Who is old enough to ride the big kid rides at the carnival? Us! That’s right, we turn 5 this month and to celebrate we’re getting a facelift; you’re going to love our new site! But first thing’s first – a birthday toast to honor our past and celebrate our future.
In the Beginning
In the beginning there was a single idea: build a different kind of web development company. Co-founder Dave Naffis, Yoshi Maisami, and Chris Selmer partnered with like-minded DC developers to execute on this vision and together they created Intridea, a unique and agile software design company.
The co-founders had a few ideas they kicked off with:
- Create an entirely virtual company, allowing us to hire the best developers no matter where in the world they live.
- Be a place to work with the best and the brightest minds in our industry.
- Be at the forefront of technology and leverage cutting-edge tech in our software solutions.
- Build applications for customers while gaining insight into their business problems.
- Use those insights to build products and help customers stay competitive in their industries.
What began as a couple people with ambitions to create a better kind of software company quickly evolved into a team of twelve talented Ruby on Rails developers by the end of the first year in 2007. Intridea was built from the ground-up with raw talent and focused determination without the aid of any VC funding. Fast-forward five years and today the Intridea team is comprised of nearly fifty talented engineers, designers, project managers and partners all working collaboratively on some of the most cutting edge software projects in the world.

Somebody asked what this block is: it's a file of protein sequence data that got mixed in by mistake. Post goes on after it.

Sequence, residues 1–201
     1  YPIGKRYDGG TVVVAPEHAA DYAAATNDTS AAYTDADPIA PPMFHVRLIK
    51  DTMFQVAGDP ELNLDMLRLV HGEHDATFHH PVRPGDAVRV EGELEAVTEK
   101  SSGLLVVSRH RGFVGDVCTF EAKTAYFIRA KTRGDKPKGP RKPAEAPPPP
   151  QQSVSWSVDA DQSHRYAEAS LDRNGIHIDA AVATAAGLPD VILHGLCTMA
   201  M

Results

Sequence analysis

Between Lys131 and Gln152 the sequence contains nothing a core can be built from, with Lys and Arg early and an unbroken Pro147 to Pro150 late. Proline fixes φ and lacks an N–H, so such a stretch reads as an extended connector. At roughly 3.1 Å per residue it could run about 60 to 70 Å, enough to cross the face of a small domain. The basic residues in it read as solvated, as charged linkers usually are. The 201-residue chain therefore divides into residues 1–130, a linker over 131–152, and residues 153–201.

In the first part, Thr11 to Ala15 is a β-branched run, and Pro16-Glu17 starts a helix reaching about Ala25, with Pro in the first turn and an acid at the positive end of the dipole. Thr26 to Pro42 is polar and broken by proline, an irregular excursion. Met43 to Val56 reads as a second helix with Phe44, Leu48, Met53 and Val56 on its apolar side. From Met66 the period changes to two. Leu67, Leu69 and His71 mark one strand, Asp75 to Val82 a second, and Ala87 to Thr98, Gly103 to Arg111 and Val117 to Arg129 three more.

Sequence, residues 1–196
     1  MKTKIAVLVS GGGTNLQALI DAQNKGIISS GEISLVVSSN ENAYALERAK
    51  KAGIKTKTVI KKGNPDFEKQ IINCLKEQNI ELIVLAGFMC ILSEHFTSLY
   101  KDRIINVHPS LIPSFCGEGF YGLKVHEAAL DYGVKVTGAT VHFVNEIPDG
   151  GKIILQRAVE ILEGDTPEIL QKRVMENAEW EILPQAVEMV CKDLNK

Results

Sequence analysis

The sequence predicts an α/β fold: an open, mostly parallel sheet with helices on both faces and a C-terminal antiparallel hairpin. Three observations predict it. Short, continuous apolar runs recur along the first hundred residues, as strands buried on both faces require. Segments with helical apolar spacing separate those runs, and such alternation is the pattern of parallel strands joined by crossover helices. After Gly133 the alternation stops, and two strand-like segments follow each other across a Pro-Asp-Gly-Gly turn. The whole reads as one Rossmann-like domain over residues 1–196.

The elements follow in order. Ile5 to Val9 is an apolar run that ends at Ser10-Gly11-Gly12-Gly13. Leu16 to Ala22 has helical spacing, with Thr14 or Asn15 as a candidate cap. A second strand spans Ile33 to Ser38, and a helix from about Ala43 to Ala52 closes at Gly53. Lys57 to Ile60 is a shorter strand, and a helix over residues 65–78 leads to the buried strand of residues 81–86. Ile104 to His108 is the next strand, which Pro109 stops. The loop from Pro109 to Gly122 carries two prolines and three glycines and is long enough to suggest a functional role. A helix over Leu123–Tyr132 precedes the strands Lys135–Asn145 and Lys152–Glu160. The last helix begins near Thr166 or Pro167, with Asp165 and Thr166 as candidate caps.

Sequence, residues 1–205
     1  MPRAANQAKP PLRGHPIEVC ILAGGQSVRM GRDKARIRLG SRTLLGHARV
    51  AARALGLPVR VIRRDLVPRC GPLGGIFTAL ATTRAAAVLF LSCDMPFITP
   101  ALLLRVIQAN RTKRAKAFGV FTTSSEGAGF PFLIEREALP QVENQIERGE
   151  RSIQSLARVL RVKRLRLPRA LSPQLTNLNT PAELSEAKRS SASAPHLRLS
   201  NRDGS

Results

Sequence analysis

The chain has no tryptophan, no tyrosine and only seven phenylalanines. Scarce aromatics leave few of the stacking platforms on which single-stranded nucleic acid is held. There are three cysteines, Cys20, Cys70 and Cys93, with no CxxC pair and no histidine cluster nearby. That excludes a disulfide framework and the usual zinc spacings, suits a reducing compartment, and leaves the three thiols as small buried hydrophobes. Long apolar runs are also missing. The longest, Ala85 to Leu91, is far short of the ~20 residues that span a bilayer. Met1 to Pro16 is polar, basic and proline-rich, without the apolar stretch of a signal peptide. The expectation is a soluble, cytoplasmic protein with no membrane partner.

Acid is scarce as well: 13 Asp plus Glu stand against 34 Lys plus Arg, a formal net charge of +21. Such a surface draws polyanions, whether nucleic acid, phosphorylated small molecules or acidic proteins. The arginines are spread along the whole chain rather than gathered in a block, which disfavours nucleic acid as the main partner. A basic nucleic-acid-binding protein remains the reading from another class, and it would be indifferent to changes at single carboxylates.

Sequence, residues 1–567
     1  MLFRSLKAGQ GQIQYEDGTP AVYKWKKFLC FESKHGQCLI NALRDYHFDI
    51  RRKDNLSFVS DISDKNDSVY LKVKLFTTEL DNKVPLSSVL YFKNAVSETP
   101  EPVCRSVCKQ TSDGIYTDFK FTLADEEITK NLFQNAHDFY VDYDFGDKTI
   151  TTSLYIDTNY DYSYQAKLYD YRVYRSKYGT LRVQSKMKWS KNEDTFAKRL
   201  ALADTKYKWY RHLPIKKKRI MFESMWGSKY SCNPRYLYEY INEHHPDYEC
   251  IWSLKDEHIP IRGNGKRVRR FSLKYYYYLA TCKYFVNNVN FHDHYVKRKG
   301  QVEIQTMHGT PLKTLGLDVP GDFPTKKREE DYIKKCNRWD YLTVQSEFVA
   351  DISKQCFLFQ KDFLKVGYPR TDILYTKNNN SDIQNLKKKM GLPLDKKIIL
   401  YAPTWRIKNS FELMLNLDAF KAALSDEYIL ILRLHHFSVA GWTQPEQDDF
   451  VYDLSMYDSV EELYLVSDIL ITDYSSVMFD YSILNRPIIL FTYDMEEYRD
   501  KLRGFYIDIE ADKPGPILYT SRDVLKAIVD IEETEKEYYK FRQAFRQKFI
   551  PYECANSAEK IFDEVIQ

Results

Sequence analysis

5 Years Of Awesome
Of course, it wasn’t all peaches and cream. You don’t grow from two to fifty, launch hundreds of web and mobile applications, and create award-winning products without a few hiccups along the way. We had our share of growing pains but we responded to each stumbling block with the same kind of innovation we use to help our clients solve problems:
- Talent: Because Intridea came into the web development field in 2007 when Rails was just starting to gain traction in the U.S., we wanted to do what we could to support the Ruby language, the Rails framework, and their communities. Doing so ensured that we (along with other companies) would be able to thrive in the web development space, and that people would continue learning and using the language in the business world. To that end, we began sponsoring regional and national conferences, local user groups, hackathons, and encouraging our developers to continually work on open source software projects.
The hundreds of hours we devoted to teaching classes and presenting at conferences provided us with a reputation for excellence in the Rails community. Therefore, when we experienced periods of rapid growth we were able to bring on the additional talent we needed, even amidst a climate of high demand and low supply in the Ruby on Rails ecosystem.
- Communication: When communication across a distributed team became difficult we created Presently (now known as Socialspring Streams) to bridge the distance between ourselves and enable more effective collaboration with real-time communication. We iterated on the product as we grew, adding features for sharing video, direct messaging, group collaboration, and more as we needed them.